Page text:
Race stats story creates division instead of unity

Tue, 02/21/2006 - 4:50pm
By: Letters to the ...

As long-term resident of Fayette County, I have seen tremendous changes not only in the economic landscape of the area, but also witnessed astounding paradigm shifts in the social and demographic landscape of this county. What compelled me to move here, with my wife and three children, was a sense of community, safety and education that I found lacking in other areas across metro Atlanta.

I have always used The Citizen as resource to learn about a variety of issues and concerns affecting our neighborhoods, a great restaurant or even a good yard sale or two. But I feel the editorial direction of this publication has started to become a mouthpiece for ultra-conservatives who see the growing diversity of our county as distraction and hindrance to our growth.

For weeks, headlines and editorials from readers have read, “Out of county tags increase at schools” and now the headline, “Local schools see big racial shift,” only feed into the fears of certain members of our citizenry who feel the browner our schools become the lower our education scores or home values will become.

Even with the increase of minorities within the Fayette County school system, our education scores (SAT/ACT and gateway tests) remain among the highest in the state and our teaching methods emulated statewide.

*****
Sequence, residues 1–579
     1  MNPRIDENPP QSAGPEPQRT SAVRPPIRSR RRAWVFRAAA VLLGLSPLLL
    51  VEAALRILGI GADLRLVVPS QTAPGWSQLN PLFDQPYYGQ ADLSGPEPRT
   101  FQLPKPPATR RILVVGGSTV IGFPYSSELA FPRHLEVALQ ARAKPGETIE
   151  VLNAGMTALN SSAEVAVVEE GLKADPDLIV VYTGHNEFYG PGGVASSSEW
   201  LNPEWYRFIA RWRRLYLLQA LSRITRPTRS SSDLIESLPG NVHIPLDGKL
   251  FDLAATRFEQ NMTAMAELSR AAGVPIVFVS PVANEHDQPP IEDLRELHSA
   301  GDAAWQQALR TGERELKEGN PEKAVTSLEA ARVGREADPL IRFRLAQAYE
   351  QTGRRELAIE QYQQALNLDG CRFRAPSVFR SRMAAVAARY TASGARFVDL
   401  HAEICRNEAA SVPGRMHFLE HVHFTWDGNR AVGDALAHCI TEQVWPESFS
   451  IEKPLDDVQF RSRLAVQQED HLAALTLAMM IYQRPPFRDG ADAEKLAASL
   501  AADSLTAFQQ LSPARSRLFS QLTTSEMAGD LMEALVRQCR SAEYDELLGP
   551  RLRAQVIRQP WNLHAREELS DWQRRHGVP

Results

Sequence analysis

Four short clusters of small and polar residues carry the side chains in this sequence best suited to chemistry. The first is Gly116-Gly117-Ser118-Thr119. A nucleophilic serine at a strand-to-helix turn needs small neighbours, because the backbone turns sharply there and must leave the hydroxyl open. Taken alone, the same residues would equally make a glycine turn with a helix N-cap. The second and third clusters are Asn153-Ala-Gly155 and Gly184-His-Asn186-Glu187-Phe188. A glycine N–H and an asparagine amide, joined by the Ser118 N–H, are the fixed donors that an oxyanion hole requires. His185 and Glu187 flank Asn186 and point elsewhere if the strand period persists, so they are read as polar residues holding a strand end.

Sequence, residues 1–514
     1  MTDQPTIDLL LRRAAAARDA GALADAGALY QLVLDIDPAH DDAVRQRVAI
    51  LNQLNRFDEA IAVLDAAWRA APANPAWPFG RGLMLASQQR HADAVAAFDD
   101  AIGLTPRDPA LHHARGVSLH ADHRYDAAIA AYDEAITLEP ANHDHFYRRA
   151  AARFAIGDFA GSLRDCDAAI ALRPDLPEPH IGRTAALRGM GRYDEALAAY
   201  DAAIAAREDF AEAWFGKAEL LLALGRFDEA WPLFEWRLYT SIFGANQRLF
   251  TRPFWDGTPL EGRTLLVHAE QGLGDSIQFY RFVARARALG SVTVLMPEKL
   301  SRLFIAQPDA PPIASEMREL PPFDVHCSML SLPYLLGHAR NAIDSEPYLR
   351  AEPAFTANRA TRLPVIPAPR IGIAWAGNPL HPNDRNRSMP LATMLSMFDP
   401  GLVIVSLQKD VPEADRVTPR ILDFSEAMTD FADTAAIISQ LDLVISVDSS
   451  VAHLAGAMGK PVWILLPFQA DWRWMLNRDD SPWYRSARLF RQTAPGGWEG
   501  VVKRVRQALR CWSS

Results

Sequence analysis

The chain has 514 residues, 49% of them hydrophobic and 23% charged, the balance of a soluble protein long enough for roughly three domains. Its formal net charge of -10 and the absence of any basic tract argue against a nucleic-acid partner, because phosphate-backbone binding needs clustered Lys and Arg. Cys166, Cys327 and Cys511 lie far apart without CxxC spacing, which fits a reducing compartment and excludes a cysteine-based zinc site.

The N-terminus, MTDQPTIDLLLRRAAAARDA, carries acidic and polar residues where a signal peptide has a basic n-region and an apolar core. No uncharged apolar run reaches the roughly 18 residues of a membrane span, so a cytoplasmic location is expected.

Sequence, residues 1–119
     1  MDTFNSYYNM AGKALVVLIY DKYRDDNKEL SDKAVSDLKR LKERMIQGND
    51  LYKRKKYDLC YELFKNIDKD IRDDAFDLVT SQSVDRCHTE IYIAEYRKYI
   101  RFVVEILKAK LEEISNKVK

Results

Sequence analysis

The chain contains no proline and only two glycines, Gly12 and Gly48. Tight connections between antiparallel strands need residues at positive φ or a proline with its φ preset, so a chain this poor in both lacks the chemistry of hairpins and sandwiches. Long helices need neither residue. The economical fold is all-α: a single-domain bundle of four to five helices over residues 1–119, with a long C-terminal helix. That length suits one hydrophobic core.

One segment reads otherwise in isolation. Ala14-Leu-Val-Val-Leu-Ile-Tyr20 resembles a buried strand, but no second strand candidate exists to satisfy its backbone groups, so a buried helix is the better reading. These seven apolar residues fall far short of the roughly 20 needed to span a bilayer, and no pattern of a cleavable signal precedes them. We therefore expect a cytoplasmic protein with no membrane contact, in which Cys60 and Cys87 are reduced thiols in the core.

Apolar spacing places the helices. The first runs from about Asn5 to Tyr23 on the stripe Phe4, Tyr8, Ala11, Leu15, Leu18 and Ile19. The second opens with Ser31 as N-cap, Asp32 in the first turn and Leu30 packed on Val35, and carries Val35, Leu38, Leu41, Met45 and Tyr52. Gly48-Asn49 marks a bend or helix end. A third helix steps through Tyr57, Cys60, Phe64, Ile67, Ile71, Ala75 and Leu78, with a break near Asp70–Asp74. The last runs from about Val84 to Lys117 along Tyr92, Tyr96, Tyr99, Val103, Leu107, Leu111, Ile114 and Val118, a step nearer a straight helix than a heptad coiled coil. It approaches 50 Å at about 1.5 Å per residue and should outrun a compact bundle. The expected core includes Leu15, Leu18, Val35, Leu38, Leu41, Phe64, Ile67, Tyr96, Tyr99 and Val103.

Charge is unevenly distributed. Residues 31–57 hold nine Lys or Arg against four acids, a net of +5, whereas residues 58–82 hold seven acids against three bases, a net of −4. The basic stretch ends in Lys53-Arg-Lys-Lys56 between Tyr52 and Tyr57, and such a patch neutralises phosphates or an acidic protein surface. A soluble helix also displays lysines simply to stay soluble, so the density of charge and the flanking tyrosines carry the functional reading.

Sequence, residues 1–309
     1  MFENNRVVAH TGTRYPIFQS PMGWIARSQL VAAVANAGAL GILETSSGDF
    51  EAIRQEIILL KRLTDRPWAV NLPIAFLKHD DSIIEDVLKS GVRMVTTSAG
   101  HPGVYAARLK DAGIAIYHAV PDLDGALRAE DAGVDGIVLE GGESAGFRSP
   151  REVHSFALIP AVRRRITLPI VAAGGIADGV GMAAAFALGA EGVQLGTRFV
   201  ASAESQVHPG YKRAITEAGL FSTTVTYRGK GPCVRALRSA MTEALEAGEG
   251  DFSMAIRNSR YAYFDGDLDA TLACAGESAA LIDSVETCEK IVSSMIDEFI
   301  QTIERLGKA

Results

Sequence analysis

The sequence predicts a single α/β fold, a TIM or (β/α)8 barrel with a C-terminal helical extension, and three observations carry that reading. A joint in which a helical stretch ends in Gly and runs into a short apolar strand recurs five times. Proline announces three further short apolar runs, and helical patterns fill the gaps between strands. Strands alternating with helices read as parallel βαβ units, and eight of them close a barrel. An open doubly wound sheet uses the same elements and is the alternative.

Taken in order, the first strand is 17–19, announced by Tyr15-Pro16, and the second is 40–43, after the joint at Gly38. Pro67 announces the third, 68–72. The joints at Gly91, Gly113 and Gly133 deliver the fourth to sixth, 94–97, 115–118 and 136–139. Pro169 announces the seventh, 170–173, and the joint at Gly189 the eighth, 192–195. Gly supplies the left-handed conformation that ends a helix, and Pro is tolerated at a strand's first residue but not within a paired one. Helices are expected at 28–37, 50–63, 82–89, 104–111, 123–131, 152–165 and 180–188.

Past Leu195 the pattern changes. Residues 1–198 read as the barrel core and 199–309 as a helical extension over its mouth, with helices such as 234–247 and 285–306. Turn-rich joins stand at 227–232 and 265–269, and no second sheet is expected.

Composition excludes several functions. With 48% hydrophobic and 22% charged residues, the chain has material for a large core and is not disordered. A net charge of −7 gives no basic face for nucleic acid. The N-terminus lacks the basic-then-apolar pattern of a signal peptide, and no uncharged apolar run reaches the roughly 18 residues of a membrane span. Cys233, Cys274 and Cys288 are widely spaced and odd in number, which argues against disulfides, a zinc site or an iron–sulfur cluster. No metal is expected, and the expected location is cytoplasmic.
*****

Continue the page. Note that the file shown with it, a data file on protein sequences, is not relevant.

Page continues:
Many of the African-Americans, Hispanics and Asian-Americans families moving into the county are highly-educated, middle and upper-class with an active desire to help their children excel and achieve at levels beyond the stereotypical images of minority students being depicted as “lazy,” “complacent” or “uncaring.”

In addition, many of those out-of-county tags belong to former residents of metro counties (across the racial spectrum) who have moved here for the same living and education reasons I stated earlier, paying taxes and contributing to growth of our county.

What that headline did was create or feed into a xenophobic or “white flight” mentality that needs to cease to create a more multicultural community for our children and this country as a whole.

Someone looking to move to Fayette County should not read this article and say, “I shouldn’t move to that Fayette neighborhood or send my child to that school because it has large minority base; therefore it lacks certain tools, instructors or low scores.”

The goal and mandate of our county should be to ensure that EVERY school is equipped equally with best teachers, best equipment and best opportunities for every one of our students to excel: That the only barrier to success is the limit they personally place on themselves.

I applaud our Board of Education for addressing the needs of non-English speaking students and introducing diversity programs such as stepping in our schools. But as a reader of your publication, let’s responsibly refrain from using their data or other government data to feed into fears about other groups. Responsible journalism calls for tact and objectivity and not sensationalism.

The photo of the two pastors (one white and one black) on the newspaper this week visualized clearly what needs to take place in our county: continued dialogue instead of fear; cooperation instead of divisiveness. There are far too many issues to unite us than there should be to divide us.

Robert Jacks
Fayette County, Ga.

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